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July 02, 2008 Vol. 4, No. 14

Not a lot of earth-shattering news to report this time, not like my last newsletter. Two weeks ago the subject was a meaty one, namely Caterpillar’s departure from the on-highway engine business and the somewhat foggy announcement of its intention to develop an on/off-road vocational truck with its Illinois compatriots at Navistar. I say ‘foggy’ because the telephone press conference that brought this news to motor noters like me was just a touch shy on detail. Like really shy.

One of the more murky aspects of this deal, which is really more a firm intention at this point, I believe, had to do with the statement that the two companies would work together “to develop, manufacture and distribute commercial trucks in select regions” outside of North America. The product offering would include “a full line of medium- and heavy-duty trucks, both conventionals and cabovers.”

I got to wondering about the cabover side of that plan – how, and for that matter why, would they find the resources to develop new ones? It seemed very, very unlikely. Sure, in many places beyond these shores the cabover is still king, but there’s any number of awfully good European and Japanese COE trucks already out there, with distribution and service organizations in place. Well, someone much smarter than I am reminded me that Navistar still builds the old International 9670 cabover in Brazil, suggesting that this must be the foundation that Cat and Navistar have in mind. I wonder. A decent truck in its time, but it’s one or two generations behind the current crop of cabovers. Just thinking out loud here, but I suppose that might not be a serious hindrance in some markets where technical sophistication would be overkill anyway. We’ll have to wait and see if anything actually comes of this.

The only other possible answer, and this seems a bit unlikely, is some sort of arrangement with Germany’s MAN, the source of the coming International MaxxForce 13-liter engine. With a relationship already established, I suppose the very competent MAN TGX or more likely the TGS cabover might be persuaded to dress in Illinois colors in some lesser markets where it isn’t already in evidence. Stranger things have happened in this sometimes frenzied global marketplace where any alliance seems possible.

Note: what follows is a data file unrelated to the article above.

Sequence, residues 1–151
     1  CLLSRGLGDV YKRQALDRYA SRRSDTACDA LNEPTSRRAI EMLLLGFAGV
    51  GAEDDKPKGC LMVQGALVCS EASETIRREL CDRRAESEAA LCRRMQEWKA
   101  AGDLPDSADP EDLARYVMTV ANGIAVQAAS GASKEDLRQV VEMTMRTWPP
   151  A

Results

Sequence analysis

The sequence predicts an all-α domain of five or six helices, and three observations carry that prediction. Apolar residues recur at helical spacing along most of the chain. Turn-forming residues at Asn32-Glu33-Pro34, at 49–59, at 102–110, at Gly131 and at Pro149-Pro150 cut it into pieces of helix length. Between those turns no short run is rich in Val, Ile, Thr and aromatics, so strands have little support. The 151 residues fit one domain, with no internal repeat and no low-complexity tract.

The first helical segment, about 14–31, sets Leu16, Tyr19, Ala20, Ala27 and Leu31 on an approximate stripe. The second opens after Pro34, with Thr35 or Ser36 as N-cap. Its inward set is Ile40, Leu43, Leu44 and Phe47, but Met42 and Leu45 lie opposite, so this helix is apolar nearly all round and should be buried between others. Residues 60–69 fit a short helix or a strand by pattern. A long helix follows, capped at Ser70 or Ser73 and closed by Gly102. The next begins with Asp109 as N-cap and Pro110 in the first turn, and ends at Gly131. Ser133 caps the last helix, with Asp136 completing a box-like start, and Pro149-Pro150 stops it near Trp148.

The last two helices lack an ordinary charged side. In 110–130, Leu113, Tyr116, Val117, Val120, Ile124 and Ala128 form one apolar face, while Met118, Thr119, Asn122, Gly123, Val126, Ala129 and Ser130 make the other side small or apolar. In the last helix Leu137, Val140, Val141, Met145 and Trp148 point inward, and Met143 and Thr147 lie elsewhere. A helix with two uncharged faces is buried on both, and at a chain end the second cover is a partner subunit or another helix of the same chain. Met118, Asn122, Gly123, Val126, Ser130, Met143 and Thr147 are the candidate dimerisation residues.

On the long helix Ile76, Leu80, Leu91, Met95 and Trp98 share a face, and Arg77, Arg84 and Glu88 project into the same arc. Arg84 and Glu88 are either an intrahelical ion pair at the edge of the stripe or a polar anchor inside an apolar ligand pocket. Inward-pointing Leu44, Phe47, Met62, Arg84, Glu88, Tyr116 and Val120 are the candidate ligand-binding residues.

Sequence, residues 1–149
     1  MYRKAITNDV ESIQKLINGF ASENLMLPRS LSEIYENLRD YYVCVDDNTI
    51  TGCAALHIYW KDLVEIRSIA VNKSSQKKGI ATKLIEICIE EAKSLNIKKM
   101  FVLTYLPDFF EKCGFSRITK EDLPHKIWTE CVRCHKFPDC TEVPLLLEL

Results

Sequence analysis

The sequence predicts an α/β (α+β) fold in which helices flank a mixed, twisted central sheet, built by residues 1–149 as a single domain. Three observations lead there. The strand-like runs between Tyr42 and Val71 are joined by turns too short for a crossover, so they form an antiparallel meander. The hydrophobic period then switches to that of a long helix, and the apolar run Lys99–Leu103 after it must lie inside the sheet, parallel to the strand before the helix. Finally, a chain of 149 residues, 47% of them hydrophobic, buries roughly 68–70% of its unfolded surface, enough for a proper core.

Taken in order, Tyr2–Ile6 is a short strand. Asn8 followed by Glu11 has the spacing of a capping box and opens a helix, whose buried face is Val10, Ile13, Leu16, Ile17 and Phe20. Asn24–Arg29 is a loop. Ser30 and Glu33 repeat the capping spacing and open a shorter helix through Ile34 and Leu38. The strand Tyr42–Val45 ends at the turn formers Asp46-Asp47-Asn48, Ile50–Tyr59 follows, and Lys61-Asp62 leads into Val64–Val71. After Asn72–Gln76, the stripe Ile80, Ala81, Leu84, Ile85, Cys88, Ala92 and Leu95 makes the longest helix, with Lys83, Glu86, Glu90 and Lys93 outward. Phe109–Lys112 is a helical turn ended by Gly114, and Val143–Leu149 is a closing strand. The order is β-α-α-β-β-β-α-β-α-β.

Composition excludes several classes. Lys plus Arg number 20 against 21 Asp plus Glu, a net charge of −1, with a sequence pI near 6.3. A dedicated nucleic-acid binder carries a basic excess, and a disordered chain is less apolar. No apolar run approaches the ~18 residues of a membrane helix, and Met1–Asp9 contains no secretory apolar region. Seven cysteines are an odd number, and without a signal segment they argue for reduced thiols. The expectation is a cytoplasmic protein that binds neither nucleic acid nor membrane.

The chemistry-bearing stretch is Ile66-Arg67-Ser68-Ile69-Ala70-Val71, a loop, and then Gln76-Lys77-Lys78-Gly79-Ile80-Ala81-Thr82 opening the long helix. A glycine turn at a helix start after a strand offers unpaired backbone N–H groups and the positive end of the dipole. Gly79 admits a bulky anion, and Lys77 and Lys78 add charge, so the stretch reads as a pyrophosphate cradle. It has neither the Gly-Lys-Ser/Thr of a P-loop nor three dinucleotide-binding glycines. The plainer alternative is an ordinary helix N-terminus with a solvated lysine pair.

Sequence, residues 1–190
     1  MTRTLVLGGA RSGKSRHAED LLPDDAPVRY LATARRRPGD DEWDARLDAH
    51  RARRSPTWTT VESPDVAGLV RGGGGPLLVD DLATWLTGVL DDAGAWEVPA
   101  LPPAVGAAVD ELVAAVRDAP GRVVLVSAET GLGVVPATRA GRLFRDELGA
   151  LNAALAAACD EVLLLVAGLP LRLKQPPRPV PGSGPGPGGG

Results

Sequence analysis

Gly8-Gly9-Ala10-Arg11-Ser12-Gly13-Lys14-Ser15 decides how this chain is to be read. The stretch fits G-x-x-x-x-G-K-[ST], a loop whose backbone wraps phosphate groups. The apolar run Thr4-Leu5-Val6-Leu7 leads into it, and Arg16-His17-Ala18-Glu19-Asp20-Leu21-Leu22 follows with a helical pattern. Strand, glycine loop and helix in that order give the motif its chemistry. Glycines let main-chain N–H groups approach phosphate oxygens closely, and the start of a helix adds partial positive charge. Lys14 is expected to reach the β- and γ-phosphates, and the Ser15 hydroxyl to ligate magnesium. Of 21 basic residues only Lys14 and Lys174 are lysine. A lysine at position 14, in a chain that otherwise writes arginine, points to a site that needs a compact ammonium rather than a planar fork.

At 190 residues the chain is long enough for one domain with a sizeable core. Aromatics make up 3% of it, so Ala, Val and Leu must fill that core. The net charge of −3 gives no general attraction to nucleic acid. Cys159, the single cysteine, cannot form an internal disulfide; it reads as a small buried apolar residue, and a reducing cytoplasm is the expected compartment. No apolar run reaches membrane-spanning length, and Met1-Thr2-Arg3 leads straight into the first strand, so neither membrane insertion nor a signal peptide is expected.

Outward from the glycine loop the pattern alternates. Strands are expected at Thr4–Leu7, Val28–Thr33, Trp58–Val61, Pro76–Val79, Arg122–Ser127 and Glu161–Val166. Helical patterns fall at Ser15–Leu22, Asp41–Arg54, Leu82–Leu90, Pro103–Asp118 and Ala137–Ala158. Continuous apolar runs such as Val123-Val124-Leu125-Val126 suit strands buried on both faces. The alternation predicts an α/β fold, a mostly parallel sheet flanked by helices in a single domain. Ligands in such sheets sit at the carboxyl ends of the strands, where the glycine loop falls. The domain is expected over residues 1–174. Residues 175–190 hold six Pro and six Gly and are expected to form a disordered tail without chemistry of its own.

And a medium-duty cabover? Well, the only obvious answer there is the Ford LCF re-badged and presently sold as the International CityStar. It started life as a Mazda, if I’m not mistaken, yet more evidence that name badges are more plentiful than the technology behind them these days. The difficulty there is that Navistar and Ford aren’t getting along all that well presently.

One winner in all of this, of course, is Cummins. Already riding a wave of success both globally and at home, the Indiana engine-maker is now the only independent choice in North America. And the investment community loves it.

In its 14th Quarterly Truck Survey, for example, UBS Securities LLC calls Cummins a solid “Buy”. The survey noted that “nearly 80%” of survey respondents said they’d rather have an EGR engine than an SCR motor in the post-2010 era, and two thirds of them said they’d prefer the Cummins.

I suspect Detroit Diesel, especially, will have something to say about this as we near 2010. It’s the most vocal of the SCR crowd, and will be singing the praises of its 2010 emissions technology very loudly indeed.

Predictably perhaps, the UBS survey found that Cat’s recent announcement will hurt its sales running up to 2010. The investment outfit says that over 20% of truck buyers who would have bought a Cat in 2008 or 2009 have changed their minds, knowing that the company is leaving the business. In fact, Cat is quite firm that it will support its on-highway engines pretty much ad infinitum.

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Rolf Lockwood is editor emeritus of Today's Trucking and a regular contributor to

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